Cost-of-living: Chancellor Rishi Sunak makes bizarre Will Smith comment while failing to act on this spiralling crisis – Scotsman comment

Most would agree that attacking a politician through their spouse is a rather low blow.

However when Chancellor Rishi Sunak sought to defend his wife, Akshata Murthy – under fire for her 0.9 per cent stake in IT giant Infosys, founded by her father, and its continued business in Russia – he chose a bizarre way to do so.

After comparing himself to Hollywood actor Will Smith and England cricketer Joe Roe, saying it had been “not the best of weekends for any of us”, he added: “... both Will Smith and me having our wives attacked. At least I didn’t get up and slap anybody.”

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The problem with the criticism of Murthy is that it is something for Sunak to talk about instead of much more serious matters.

What he should be focussing his energies on is the spiralling cost-of-living crisis, which he did so little to address in his recent Spring Statement.

Even before the increases in energy prices in recent months, one in four children in Scotland were living in poverty, along with one in five working-age people and 15 per cent of pensioners.

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And the staggering 54 per cent rise in Ofgem’s energy price cap from today means life will get significantly harder for them, many more will join their ranks, and most of us will feel more than just a pinch.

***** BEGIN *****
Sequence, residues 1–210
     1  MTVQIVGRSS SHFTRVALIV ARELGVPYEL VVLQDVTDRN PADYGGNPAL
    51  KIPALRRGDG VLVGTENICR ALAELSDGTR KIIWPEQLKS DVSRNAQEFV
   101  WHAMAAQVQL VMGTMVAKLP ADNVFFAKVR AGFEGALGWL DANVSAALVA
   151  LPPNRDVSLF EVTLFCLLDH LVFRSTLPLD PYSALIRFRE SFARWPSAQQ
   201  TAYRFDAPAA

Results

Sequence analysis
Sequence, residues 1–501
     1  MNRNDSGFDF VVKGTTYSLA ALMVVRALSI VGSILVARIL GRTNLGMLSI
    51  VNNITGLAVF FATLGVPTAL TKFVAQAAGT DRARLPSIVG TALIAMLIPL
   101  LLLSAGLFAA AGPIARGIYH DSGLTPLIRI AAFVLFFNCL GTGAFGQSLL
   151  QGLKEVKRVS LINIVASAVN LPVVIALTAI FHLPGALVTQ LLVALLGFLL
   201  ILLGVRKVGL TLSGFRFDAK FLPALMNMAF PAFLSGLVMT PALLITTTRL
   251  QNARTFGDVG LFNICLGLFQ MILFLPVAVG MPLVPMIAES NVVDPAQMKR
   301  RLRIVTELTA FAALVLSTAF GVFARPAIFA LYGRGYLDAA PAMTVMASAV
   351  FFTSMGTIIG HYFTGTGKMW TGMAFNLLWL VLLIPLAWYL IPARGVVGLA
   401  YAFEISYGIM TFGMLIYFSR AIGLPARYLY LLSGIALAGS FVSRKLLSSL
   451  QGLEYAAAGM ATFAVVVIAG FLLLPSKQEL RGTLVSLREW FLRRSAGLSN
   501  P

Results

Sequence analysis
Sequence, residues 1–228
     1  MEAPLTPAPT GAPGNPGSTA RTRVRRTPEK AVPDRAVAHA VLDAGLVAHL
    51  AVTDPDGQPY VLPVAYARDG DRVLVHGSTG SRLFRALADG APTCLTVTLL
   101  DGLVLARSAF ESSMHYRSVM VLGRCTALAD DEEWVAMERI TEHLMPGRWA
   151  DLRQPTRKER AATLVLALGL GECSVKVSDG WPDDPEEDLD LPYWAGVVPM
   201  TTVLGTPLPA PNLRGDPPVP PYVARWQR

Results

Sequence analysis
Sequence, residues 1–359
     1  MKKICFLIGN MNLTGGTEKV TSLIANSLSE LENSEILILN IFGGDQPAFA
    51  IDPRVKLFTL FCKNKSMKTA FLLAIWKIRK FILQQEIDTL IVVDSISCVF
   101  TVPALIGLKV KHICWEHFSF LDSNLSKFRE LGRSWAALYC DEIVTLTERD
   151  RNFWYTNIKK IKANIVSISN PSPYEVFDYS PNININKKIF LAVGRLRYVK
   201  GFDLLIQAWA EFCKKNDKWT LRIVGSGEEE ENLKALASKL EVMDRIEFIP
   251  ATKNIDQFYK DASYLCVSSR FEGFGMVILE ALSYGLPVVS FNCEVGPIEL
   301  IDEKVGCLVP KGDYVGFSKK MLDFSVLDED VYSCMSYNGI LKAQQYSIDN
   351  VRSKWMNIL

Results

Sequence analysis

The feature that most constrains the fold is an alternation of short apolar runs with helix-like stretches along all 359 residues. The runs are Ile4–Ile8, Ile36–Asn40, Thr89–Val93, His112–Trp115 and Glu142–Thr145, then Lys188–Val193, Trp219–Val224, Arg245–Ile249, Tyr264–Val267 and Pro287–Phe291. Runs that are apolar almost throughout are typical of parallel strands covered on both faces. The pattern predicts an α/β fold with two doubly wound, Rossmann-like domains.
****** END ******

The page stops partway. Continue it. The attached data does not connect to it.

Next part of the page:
Chancellor Rishi Sunak must do more as cost-of-living crisis gets ever deeper (Picture: Paul Ellis/AFP via Getty Images)

In response to calls for an emergency Budget to provide greater help to those struggling to heat their homes and afford enough food to feed their families, a UK Government spokesperson said they understood people were “struggling” but added “we can't shield everyone from the global challenges we face”.

However, without strong government action, today is likely to be remembered as a day when Britain’s poorest became poorer still and the point at which, for some, life became unbearably difficult.

Governments have a duty to protect the most vulnerable in society, but there is little sign that Sunak and co are particularly interested.

Perhaps the Chancellor is keeping something in his back pocket for the winter, but right now it feels like he’s more interested in making flippant remarks about Hollywood stars than rising to meet this great challenge with the imagination, commitment and sense of purpose that this country so badly needs from its leaders.

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